link 2 graffiti

link 2 graffiti

 

 

a site devoted to the study of graffiti

Site Navigation    

 Home

 Participants

 Categories of Graffiti

 Timeline

 Research

 Bibliography

 Historical Perspective

 Methods

 Purpose

 Locations

 Types

 Styles

 Samples

 
 
 

Inside the Tagger's Lair

Inside the Tagger's Lair

The search warrant was served on the house of the tagger around Thanksgiving of 2003. I was invited to attend so that I could get a feel for this particular crime and criminal. I drove to the suspect's hometown, zipped across town via a main arterial and began to navigate through various residential areas. I watched as the business district turned to middle-class residential neighborhood and then to decidedly rougher digs – a residential neighborhood adjacent to an industrial area and partially fenced in by a rail yard. Sadly, I had sensed that I was in the correct neighborhood well before I pulled into the suspect’s driveway.

As a non-commissioned – let’s just say it – lab rat, I had no prior experience on which to draw. My imagination had been running wild. The officers led me into the suspect’s room – a bedroom in the house his mother was renting. The room was like a cave. Its single window was covered with black plastic. The walls were painted royal blue which made them feel like they were collapsing in on themselves. The paint wasn’t quite dark enough or thick enough; I could see the shadows of tags and throw-ups beneath. The dressers and bookshelves were covered with graffiti – tags of the 16-year old suspect and surely those of his associates too. He had even practiced using a glass etch solution on his TV screen.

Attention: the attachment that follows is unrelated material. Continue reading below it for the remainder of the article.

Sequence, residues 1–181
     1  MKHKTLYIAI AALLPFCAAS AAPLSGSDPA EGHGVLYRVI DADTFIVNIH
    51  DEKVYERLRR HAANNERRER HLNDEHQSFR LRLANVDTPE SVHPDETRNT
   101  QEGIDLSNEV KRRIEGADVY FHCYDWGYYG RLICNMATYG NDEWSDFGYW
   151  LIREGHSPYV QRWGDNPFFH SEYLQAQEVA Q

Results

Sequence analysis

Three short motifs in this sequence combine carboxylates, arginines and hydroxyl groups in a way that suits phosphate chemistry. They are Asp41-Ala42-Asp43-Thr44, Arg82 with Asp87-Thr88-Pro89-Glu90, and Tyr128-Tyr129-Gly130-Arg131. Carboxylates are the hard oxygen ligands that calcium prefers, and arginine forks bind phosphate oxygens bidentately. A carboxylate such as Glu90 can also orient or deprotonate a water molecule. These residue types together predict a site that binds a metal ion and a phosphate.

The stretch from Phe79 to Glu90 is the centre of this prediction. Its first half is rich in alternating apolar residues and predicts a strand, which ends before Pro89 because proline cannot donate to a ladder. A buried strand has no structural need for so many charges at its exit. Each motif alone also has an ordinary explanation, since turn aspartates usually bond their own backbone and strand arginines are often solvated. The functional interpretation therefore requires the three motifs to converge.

The officers all assured me that this scene was typical.

Back at the police station, after all of the evidence was logged in, I was given a lesson on the paraphernalia that accompanies this crime. 

The inventory:

  • dozens of spray cans - all without their spray nozzle tips
  • white cottony particulate face masks
  • numerous twin-tip markers - a fat wedge on one end and a thin point at the other
  • photos of his associates
  • photos of tags, throw-ups and pieces
  • half a dozen piecebooks filled with sketches of tags and throw-ups

Left behind in his room by the officers were the bottles of rubbing alcohol and the do-it-yourself tattoo works – sewing needles and India ink.  For the curious, While You Were Sleeping issue #20, page 30 gives instructions. Conspicuously absent from the evidence collected from the bedroom were the spray nozzle tips for the spray paint cans.   I imagined a closely guarded collection of New York Thins, Rusto Fats and German Outlines, undoubtedly tucked safely in his gear and in his possession for this weekend’s road trip.

The search warrant was executed on a school day, but the suspect had traveled out of town for a concert. When he does attend school it is at an alternative facility. His mother, unapologetic about the truancy and the graffiti, agreed to send him down to the police station when he returned.

Again, not being a street-hardened officer, and instead a clean-cut kid from the Midwest, this was all a shock to me – the tagger culture.

Open the door, walk inside and smell the paint fumes.


back to Categories of Graffiti

 

© 2006 H M Carlson